Few issues within America’s dysfunctional health care system are more pressing than the astronomical price of insulin — access to which is, for millions of Americans, literally a matter of life or death. Congress is finally moving toward approving legislation that would partially address the problem. But passage will rely on the willingness of some hesitant Republicans, including Sen. Roy Blunt of Missouri, to set aside their free market absolutism and acknowledge that the apparent price-gouging going isn’t what markets are supposed to do.
Almost 2 million Americans have Type 1 diabetes, which typically requires daily insulin shots. More than 30 million more have Type 2 diabetes, which often requires insulin therapy.
In the past decade alone, the cost of that lifesaving insulin has tripled. Today, even insured patients, depending on the terms of their policies, can end up paying $300 or more monthly for their insulin, while uninsured patients can face monthly costs of well over $1,000. The situation has spawned horror stories of diabetics self-rationing with less insulin than they’re supposed to take, with sometimes tragic outcomes.
The reasons for the price explosion are complicated and contentious, with the pharmaceuticals, insurance companies and wholesalers essentially blaming each other. An investigation by the Senate Finance Committee in 2020, headed by then-Chairman Sen. Charles Grassley, R-Iowa, blamed them all. “This industry is anything but a free market” because of anti-competitive practices between those various players, Grassley said in a statement accompanying the committee’s report in early 2021. He called for “bipartisan legislation and oversight to address this problem.”
The reins of the Senate have changed, but the bipartisan legislation Grassley called for has finally arrived. Sens. Susan Collins, R-Maine, and Jeanne Shaheen, D-N.H., last week unveiled a measure that would cap the monthly insulin costs for insured diabetics at $35. It doesn’t cap costs for those who are uninsured — a more complicated issue that would have to be addressed in broader legislation — but it’s a start. The bill is similar to one the House passed earlier this year, but in addition to capping out-of-pocket patient expenses, it also targets distribution issues that are partly blamed for the price hikes.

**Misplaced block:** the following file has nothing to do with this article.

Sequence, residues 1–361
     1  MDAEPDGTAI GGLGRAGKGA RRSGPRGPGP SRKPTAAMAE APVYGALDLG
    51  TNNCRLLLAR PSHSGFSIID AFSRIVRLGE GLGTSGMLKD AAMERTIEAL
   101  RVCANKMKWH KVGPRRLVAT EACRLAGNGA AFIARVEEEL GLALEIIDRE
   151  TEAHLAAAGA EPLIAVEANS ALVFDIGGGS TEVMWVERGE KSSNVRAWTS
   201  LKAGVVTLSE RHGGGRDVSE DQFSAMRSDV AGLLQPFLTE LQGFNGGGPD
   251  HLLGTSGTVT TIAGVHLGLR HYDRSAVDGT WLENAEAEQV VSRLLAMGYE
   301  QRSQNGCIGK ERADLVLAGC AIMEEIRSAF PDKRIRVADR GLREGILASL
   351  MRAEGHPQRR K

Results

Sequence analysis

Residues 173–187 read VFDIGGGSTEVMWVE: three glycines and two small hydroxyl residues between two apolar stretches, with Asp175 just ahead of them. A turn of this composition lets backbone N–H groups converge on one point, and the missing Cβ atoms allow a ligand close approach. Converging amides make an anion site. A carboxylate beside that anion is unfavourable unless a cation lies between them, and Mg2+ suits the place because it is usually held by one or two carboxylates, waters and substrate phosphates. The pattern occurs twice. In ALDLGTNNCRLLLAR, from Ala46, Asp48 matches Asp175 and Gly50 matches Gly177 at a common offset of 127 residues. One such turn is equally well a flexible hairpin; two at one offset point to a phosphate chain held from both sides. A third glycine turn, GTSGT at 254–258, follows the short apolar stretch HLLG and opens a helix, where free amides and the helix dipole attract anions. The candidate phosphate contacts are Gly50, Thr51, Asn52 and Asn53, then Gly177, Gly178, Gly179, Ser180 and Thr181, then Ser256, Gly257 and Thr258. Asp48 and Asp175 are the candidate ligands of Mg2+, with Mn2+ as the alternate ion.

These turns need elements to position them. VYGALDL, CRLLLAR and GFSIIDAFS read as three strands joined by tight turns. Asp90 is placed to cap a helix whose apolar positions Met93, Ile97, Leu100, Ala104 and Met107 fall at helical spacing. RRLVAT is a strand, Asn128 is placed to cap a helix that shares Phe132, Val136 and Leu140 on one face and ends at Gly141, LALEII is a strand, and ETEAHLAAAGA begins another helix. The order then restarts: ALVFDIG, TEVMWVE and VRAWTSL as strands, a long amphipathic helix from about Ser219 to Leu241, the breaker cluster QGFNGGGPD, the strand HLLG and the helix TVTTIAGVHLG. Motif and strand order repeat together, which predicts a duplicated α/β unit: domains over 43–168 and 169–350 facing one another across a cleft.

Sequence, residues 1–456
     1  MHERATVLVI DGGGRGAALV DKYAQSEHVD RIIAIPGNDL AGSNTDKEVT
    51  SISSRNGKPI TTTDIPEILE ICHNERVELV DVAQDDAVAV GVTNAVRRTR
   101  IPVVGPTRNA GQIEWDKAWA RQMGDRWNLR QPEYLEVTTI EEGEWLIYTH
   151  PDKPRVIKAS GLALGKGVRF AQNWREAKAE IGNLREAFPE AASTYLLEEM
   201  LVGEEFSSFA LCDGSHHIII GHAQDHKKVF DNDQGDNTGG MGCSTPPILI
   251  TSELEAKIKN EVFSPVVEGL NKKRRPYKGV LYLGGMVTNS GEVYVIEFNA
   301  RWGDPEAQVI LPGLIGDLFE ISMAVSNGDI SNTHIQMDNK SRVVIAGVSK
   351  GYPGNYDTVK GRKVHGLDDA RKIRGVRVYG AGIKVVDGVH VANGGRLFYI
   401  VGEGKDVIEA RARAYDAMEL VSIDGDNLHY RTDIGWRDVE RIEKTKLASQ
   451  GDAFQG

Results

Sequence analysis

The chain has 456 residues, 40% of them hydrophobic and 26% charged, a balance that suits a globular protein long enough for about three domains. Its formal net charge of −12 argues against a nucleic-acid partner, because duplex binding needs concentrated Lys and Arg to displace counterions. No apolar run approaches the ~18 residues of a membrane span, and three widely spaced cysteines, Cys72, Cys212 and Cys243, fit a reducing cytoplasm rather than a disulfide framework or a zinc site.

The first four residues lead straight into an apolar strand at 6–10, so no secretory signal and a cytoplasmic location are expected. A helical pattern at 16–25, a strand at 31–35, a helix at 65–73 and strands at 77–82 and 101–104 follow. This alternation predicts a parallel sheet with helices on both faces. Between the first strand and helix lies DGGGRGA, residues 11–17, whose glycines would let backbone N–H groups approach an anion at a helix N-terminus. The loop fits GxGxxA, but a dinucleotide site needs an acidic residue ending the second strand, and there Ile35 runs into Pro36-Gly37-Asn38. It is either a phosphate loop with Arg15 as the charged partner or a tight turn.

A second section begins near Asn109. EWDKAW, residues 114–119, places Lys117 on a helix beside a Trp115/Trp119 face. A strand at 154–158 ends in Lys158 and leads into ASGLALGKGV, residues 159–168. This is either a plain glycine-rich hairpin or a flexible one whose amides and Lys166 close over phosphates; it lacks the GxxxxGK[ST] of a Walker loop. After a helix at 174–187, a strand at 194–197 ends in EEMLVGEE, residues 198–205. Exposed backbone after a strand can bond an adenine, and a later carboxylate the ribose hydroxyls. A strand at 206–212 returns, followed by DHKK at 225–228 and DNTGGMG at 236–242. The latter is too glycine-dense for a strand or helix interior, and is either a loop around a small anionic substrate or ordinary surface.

Blunt told The Washington Post this month that he won’t rule out the bill until he sees it, but that “generally I’m not supportive of price controls … I’m supportive of competition and things that encourage competition.”
That may sound a solid free market stance, but this particular market has clearly colluded to the detriment of its consumers — some of whom have died because of it. We encourage Blunt and others with reservations to consider that when a given market becomes detrimental to its customers’ health, a hands-off approach by political leaders isn’t conservatism, but abdication of responsibility.